“Are you kidding me?” Marcus said to himself as he looked down at his obliterated telephone. “No way . . .”
He bent down and picked up the phone. The speaker lied next to it. Picking up both pieces, Marcus forced in an operational manner next to his ear. “Hello?” Marcus said, not sure that the phone was working.
“Marcus,” a familiar voice said.
“Oh no . . .” Marcus muttered. Jennifer.
“Are you okay, Marcus?” Jennifer asked.
“Yeah—uh—I’m fine. Just startled, I guess.”
“Hey I just wanted to say Merry Christmas. I know we’re not together and all—”
“—Yeah, because I caught you screwing Jack in the living room.”
“Look, that never happened. You cheated on me.”
“Bull shit, and you know it!”
Marcus grabbed the phone, gesturing that he was about to throw it again. He remained calm, and replied, “You know the truth.”
“I don’t think it is,” Jennifer said into the phone. “Anyway, I didn’t want you to be a jerk like this. I just knew you were alone today, so I figured I’d give you a call and ask you out to some coffee. The Blue Bottle is open today. It’s not the best, but it’s the only place.”
It’s where I met you, he thought. How dare she? After cheating on me and then reversing the story. She’s ruining my life. There’s no way in Hell I’m going out with her. “Fine,” Marcus spat out into the phone. “I’ll be there in about an hour. Let me shower and whatever.” Damn it.
Sweetly, Jennifer said, “Okay, I’ll see you there. I’m buying. Bye.”
Marcus went to hang up the phone before remembering that the receiver no longer existed. Rubbing his face, Marcus headed out of the kitchen and down the hall. He had an ex-fiancé to settle things with.
Falling onto his windshield, trying to drive him off the road, snowflakes fell in Marcus’s plain view. Whoosing back and forth, his windshield wipers didn’t stand a chance against the harsh December weather. Marucs questioned his self-control, or lack thereof as he made his way to the Blue Bottle. Every thought about Jennifer made him twist harder on his candy cane, sharpening the point until it poked him in the tongue.
Rather than biting the large Christmas candy or throwing it out of the window, Marcus continued to sharpen it, and sharpen it, mostly out of frustrated. After awhile, the peppermint taste grew stale in his mouth.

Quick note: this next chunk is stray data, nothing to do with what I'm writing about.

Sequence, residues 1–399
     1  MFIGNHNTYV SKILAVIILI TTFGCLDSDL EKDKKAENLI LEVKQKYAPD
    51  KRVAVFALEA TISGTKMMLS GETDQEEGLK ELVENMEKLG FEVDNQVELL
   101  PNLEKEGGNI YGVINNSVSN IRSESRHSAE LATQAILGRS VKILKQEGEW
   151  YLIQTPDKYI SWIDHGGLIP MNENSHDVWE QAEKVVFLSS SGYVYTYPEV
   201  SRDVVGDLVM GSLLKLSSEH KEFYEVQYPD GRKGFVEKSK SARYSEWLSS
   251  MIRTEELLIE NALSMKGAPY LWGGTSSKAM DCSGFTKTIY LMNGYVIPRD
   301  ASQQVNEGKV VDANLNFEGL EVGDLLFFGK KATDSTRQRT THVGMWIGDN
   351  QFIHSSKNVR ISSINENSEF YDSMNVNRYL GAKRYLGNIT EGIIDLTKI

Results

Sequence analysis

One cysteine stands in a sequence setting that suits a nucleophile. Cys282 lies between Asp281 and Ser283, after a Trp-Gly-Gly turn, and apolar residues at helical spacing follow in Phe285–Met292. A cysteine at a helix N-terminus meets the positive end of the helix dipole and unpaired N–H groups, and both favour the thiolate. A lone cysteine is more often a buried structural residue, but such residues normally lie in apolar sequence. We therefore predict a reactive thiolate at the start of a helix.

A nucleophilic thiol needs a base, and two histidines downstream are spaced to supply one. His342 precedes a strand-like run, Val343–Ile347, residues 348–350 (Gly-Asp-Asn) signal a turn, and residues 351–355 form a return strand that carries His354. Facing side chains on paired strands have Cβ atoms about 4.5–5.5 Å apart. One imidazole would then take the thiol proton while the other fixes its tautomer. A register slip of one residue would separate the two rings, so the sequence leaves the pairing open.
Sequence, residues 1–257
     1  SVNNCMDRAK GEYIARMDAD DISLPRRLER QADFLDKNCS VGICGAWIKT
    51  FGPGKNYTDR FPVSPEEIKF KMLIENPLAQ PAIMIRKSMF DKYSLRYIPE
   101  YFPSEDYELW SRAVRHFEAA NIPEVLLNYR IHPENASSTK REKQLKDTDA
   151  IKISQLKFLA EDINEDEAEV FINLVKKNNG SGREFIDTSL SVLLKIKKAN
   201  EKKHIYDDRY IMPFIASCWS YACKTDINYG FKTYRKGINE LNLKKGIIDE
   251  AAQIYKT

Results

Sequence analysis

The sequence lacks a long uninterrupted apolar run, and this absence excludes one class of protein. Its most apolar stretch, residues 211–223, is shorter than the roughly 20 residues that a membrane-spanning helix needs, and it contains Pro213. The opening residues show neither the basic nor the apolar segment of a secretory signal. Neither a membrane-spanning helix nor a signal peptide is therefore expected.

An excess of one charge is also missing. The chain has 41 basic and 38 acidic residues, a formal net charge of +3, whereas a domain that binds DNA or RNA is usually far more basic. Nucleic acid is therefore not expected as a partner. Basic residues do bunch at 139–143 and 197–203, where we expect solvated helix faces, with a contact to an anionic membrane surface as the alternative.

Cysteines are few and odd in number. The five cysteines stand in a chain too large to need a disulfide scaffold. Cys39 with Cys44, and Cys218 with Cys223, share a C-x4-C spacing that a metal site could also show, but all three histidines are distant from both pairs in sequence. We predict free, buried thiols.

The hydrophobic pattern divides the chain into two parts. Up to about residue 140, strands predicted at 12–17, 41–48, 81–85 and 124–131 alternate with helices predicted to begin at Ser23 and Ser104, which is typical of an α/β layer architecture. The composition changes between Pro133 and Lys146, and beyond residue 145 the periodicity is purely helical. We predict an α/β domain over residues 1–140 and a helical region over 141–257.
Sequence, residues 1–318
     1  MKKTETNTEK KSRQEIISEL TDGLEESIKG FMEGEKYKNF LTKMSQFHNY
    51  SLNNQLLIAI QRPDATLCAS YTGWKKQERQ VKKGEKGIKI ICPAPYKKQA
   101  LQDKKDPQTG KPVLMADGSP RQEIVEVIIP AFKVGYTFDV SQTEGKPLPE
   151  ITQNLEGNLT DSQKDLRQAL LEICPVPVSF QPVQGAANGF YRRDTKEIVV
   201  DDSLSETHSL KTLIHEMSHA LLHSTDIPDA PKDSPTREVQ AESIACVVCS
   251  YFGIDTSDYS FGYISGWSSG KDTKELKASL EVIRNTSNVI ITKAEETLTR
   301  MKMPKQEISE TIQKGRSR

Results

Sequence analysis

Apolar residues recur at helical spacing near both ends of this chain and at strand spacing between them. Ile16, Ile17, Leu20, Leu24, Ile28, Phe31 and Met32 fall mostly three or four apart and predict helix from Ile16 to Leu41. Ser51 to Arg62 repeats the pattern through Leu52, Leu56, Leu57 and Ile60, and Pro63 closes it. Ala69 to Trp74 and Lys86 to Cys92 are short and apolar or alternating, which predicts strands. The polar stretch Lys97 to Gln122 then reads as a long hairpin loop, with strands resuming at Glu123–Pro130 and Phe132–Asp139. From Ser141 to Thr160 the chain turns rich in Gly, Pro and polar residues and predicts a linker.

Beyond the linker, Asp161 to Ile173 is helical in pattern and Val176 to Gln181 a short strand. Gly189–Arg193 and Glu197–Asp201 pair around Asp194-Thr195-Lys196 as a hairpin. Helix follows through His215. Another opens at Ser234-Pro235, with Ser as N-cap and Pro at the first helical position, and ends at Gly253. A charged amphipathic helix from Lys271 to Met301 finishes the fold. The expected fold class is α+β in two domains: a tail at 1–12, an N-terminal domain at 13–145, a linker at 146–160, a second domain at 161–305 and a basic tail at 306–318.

He couldn’t wait to see Jennifer. A majority of his sense told him to steer clear of that woman, but on the other hand, he needed to see her smile at least one more time. Beside himself, Marcus hoped that he could patch up their torn relationship and make it into something better than it was before. The only question that remained was could he trust her?
As promised, Jennifer sat a table inside of the Blue Bottle. Marcus could see her through a window facing the parking lot. Marcus walked away from his car with some hesitance, and made his way to the entrance of the Blue Bottle.
In front of Jennifer were two mugs: one belonging to her and the other for him, Marcus assumed. After seeing each other for so long, Jennifer had memorized which coffees Marcus enjoyed during certain seasons. Around Christmas time, Marcus enjoyed a dulce de leche latte, which he would place a candy cane in for that hint of mintiness.
“Didn’t think you’d make it,” Jennifer said with a smile as Marcus walked in to café.
“I’m on time,” Marcus replied. “I’m actually early.”
Jennifer looked at the candy cane. “Good, you brought one. They ran out of canes yesterday, says the guy up there.” She pointed at the cashier.
“Yeah, just thinking ahead, I guess.”
The reuniting went well for awhile, Marcus and Jennifer talked and laughed. Then, just the moment Marcus was hoping for occurred. Once Marcus removed the giant candy cane out of the coffee, Jennifer leaned over and pursed her lips around it, sucking and licking it provocatively.
She’s leading me on, Marcus thought. I love when she does this.
Removing her lips from around the candy cane, Jennifer said, “I know I’m with Jack now, but would you mind if we went back to your place for awhile?”
Say no, Marcus thought. “Of course.”
The two of them walked out to his car to kiss before they parted, though they were both headed for the same place and would be there in a matter of minutes, anyway. It was just one of those things they did as a couple and felt the needed to replicate today.
“So, you’re not going to be upset about this, are you?” Jennifer asked Marcus, who was trying to keep a smile.
Of course I am, you fucking bitch, he thought to himself. “Of course not.”
“It’s just that—that—I’ve been wanting to be with you again for so long. At least once more.”
Me too, so I could rip your heart out. “I guess I have too.”
“So, what are we waiting for—”
Stinging and burning deep, a sharp pain arose from Jennifer’s neck, stopping all her motions at once. Dizzy, gray: the world starting fading away. Jennifer felt sick and weak. With once quick glance, she saw Marcus pulling out something from her neck. A candy cane. So sharp and driven with immense ferocity, the sharpened sweet ripped right through her flesh and met the vein. Jennifer was astonished and cold . . . and motionless.
Lifting her limp body into the trunk, Marcus finally felt happy. Something inside of him was warm and changed. After all, someone made an effort to contact him on Christmas and gave him season’s greetings. He reconciled with his ex-fiancé. And the best part of that Christmas Day was that he could keep the fire going, or have something to put underneath his tree . . . for a little while at least.
Fear, focus, and the future. C.M. Humphries talks about writing, horror, and whatever.